The Siren by Kiera Cass

Confession: I didn't love The Selection series. I liked it well enough to read the first three books, but I haven't read the others. Because of that, I wasn't sure I was going to read The Siren, but I haven't read many books about sirens, and I love the ocean, and plus: THAT COVER. It's so pretty that I couldn't resist it. Needless to say, I adore this book. It is so much better than the books in The Selection series: the story is more interesting, the writing is fantastic, and basically everything about it was so good that I wish there was a sequel. Or a whole series. Anything that will let me stay in the world Cass created for a just a little while longer.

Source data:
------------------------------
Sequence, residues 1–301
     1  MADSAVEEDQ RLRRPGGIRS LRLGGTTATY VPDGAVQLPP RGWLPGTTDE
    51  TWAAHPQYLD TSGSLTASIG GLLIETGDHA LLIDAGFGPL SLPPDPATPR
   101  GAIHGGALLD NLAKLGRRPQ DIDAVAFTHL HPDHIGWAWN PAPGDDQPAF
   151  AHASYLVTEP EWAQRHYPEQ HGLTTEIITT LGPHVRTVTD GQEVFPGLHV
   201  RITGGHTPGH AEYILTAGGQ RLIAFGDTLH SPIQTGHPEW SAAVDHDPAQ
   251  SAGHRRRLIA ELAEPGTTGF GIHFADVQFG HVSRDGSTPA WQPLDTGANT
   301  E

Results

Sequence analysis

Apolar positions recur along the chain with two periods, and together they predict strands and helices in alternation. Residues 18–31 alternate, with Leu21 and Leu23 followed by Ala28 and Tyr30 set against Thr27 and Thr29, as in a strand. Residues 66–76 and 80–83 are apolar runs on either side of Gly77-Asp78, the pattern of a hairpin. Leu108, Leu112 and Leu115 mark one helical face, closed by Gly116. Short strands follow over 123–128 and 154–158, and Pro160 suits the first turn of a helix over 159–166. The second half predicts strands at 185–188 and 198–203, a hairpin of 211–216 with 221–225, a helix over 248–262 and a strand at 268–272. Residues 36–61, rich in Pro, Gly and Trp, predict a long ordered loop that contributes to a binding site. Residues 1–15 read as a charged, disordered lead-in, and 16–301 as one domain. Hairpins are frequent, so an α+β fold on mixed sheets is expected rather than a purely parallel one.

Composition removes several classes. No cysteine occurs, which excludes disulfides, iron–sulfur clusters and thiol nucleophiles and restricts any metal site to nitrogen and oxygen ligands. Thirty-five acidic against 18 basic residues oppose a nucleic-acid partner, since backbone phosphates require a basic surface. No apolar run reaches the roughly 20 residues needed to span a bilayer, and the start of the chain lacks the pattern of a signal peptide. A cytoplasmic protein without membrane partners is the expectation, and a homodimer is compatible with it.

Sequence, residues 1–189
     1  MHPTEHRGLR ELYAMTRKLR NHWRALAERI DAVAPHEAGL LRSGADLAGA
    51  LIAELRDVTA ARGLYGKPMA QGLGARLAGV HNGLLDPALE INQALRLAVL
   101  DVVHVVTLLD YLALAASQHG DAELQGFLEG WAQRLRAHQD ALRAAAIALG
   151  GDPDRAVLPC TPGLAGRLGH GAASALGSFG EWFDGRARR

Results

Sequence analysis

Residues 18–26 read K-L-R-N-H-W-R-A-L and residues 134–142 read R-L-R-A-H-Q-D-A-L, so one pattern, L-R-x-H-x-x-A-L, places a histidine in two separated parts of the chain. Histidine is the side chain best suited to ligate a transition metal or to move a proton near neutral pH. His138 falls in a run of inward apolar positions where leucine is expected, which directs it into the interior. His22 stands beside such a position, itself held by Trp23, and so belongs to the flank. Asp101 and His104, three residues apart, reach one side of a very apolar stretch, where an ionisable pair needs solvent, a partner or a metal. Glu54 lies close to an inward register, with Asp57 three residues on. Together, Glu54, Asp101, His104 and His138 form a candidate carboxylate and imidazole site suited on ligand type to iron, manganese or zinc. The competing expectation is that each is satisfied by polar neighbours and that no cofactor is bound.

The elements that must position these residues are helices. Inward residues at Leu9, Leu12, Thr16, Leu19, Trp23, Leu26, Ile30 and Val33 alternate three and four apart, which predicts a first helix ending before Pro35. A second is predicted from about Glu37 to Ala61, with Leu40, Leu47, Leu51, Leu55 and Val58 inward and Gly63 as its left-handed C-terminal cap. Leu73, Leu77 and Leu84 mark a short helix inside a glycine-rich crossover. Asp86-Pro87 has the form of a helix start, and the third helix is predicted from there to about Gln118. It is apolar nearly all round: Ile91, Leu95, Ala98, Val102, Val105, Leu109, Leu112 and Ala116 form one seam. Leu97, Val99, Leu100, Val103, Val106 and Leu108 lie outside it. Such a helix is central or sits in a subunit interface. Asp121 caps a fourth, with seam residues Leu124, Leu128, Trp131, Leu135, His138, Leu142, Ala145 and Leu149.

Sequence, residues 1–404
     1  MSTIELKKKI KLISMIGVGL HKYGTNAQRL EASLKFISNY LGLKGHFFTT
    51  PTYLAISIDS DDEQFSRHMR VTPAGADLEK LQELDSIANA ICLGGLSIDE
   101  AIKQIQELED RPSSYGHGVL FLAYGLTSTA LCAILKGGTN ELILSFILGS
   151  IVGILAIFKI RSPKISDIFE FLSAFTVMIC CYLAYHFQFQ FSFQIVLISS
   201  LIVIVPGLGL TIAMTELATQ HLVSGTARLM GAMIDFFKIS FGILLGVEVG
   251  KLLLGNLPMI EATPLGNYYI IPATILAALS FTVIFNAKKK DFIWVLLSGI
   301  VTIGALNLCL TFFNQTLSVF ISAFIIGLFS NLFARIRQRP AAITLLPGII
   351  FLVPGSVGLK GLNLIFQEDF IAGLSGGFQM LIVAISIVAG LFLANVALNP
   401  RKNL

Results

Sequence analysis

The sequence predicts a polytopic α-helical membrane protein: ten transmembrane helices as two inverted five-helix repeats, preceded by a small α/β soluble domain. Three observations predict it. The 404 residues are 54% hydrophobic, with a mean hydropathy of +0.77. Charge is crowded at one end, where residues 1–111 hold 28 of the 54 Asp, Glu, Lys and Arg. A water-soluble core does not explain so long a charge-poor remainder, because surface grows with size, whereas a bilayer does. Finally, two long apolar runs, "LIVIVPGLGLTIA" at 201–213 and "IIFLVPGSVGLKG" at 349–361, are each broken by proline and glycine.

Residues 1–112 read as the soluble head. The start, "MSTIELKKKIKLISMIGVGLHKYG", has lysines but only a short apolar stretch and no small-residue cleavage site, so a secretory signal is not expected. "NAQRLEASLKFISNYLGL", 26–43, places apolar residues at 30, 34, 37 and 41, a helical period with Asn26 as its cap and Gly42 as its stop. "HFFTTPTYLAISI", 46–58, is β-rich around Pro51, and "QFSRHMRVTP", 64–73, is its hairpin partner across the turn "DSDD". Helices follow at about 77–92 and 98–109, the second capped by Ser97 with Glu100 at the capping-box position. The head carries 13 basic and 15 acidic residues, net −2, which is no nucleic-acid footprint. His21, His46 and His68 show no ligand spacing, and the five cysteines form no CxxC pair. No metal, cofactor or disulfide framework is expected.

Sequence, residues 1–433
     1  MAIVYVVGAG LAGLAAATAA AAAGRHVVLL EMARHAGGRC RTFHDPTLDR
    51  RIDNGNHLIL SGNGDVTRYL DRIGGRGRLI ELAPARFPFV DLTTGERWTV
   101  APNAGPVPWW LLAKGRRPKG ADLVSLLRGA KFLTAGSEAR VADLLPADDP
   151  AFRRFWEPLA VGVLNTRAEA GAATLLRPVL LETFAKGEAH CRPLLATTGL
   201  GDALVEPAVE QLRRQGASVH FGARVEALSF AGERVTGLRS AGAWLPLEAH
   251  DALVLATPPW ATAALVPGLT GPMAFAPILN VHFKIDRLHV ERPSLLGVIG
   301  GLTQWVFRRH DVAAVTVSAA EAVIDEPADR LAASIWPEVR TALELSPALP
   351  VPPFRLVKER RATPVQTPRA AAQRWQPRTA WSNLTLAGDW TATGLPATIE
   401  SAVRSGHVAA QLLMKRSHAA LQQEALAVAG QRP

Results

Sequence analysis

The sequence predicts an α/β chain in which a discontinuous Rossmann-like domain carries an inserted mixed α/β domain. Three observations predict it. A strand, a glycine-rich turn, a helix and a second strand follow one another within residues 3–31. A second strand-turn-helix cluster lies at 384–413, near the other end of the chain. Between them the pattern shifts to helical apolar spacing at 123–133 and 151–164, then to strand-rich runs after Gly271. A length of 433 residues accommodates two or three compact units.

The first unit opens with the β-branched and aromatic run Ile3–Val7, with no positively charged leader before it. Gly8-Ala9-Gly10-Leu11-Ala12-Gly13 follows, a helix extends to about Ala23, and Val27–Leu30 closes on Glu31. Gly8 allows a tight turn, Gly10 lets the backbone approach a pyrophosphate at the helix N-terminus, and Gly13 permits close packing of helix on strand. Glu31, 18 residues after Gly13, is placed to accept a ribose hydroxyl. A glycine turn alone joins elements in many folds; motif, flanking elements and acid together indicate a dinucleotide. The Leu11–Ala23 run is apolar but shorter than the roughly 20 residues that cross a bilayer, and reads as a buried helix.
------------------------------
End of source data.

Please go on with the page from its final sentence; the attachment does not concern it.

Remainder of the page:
The Distance From Me to You by Marina Gessner

When you're a couple chapters into a book and you say, "This is reading like a packaged book," and you turn out to be right, it's probably not a good sign. That's what happened when I started reading The Distance From Me to You, and I ended up not enjoying the book as much as I would have liked. I love the idea of it: a teen decides to hike the Appalachians on her own, which could lead to so much self-discovery and learning how to be self-sufficient. At the end of the day, this book was more of a romance than a coming-of-age story, and that's why I was disappointed in it.

The Love That Split the World by Emily Henry